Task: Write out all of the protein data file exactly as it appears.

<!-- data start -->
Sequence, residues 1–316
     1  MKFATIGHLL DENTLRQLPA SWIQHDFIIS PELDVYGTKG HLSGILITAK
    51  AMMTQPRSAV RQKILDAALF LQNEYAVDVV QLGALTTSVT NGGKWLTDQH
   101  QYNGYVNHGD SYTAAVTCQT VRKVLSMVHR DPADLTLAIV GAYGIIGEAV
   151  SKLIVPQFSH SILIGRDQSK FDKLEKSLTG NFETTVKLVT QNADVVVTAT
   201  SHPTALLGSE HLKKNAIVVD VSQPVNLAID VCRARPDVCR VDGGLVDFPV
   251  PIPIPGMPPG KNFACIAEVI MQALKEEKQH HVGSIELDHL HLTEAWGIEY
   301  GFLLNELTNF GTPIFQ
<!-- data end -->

Sequence, residues 1–316
     1  MKFATIGHLL DENTLRQLPA SWIQHDFIIS PELDVYGTKG HLSGILITAK
    51  AMMTQPRSAV RQKILDAALF LQNEYAVDVV QLGALTTSVT NGGKWLTDQH
   101  QYNGYVNHGD SYTAAVTCQT VRKVLSMVHR DPADLTLAIV GAYGIIGEAV
   151  SKLIVPQFSH SILIGRDQSK FDKLEKSLTG NFETTVKLVT QNADVVVTAT
   201  SHPTALLGSE HLKKNAIVVD VSQPVNLAID VCRARPDVCR VDGGLVDFPV
   251  PIPIPGMPPG KNFACIAEVI MQALKEEKQH HVGSIELDHL HLTEAWGIEY
   301  GFLLNELTNF GTPIFQ